Wells Fargo & Co (NYSE:WFC) reported net income of $5.7 billion, up 4% from second quarter of last year, while diluted earnings per share (EPS) were $1.01, up 3% from second quarter 2013, but down from $1.05 from the previous quarter. This ended Wells Fargo & Co (NYSE:WFC)’s 17 quarters long streak of increasing earnings per share. The result was achieved despite – or thanks to – lower revenue of $20.1 billion, compared with $20.4 billion.
Wells Fargo & Co (NYSE:WFC) posted return on assets (ROA) of 1.47%, which Fitch analysts called “very strong”, and return on equity (ROE) of 13.4%. Total mortgage originations were $47 billion, up 30.6% from the previous quarter’s $36 billion, but down from $112 billion from the last year. Wells Fargo & Co (NYSE:WFC)’s Chief Financial Officer John Shrewsberry reflected this on a conference call when he told investors that this spring was also a weak home buying season compared with last year’s.
The slump is typical for the overall U.S. mortgage lending, which is falling for the past 15 months, according to Reuters, as rates have risen, cutting into demand to refinance home loans. According to the video, the Wells Fargo & Co (NYSE:WFC)’s Chairman and Chief Executive John Stumpf said that the results reflect “strong credit quality driven by an improved economy, especially in the housing market”, citing also “the bank’s continued risk discipline”.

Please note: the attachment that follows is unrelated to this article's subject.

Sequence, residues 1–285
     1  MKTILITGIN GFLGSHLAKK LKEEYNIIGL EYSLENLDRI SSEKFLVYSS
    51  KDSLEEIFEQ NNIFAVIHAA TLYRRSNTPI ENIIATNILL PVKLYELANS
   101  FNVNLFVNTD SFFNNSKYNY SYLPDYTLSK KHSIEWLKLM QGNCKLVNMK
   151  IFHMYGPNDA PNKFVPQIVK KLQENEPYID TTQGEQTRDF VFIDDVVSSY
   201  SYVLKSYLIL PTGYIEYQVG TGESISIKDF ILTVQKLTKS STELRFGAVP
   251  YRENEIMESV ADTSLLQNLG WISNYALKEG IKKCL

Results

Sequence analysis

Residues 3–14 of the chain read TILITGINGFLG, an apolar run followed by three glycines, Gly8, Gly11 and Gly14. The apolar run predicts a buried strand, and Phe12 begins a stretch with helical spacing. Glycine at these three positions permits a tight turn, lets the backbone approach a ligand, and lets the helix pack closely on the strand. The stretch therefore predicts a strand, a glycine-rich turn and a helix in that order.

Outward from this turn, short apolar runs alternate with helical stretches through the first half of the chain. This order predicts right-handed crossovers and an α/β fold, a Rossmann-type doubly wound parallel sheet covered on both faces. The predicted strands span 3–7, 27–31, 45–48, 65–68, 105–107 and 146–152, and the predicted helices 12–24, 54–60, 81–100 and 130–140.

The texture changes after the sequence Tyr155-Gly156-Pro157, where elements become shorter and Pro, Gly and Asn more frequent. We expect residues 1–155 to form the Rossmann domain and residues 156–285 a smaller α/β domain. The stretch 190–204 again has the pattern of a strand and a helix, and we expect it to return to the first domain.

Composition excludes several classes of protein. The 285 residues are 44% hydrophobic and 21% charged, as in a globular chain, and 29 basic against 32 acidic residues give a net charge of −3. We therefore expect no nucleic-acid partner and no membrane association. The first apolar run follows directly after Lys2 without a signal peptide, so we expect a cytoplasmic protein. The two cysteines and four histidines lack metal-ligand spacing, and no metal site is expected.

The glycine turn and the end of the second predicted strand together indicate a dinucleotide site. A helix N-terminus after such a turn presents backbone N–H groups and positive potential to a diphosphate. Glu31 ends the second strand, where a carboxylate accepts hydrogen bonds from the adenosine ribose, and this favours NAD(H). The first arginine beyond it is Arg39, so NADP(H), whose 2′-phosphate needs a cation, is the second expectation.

Total average loans and total average deposits grew, the later by 9% over the year to $1.1 trillion. Jim Cramer and other analysts from CNBC were impressed with the number, adding: “That took my breath away when I read it.[...] you see that number, and the first thing you think is, OK, did they put the number of zeroes correctly?”
They expressed their opinion that the large deposits are behind what they called “not up to snuff” interest margin, saying that “they can’t invest this, they have too much money”. Wells Fargo & Co (NYSE:WFC)’s net interest margin (NIM) is down five basis points from last quarter, as banks are squeezed by lower rates, which may be an important short-term concern, as mortgage business is for years one of the largest sources of revenues for Wells Fargo & Co (NYSE:WFC). Cramer’s opinion was not influenced by this, as he called Wells Fargo & Co (NYSE:WFC) “a juggernaut”.
The video report also suggests that this is the first time in at least six quarters that actual earnings per share beat the analysts’ predictions.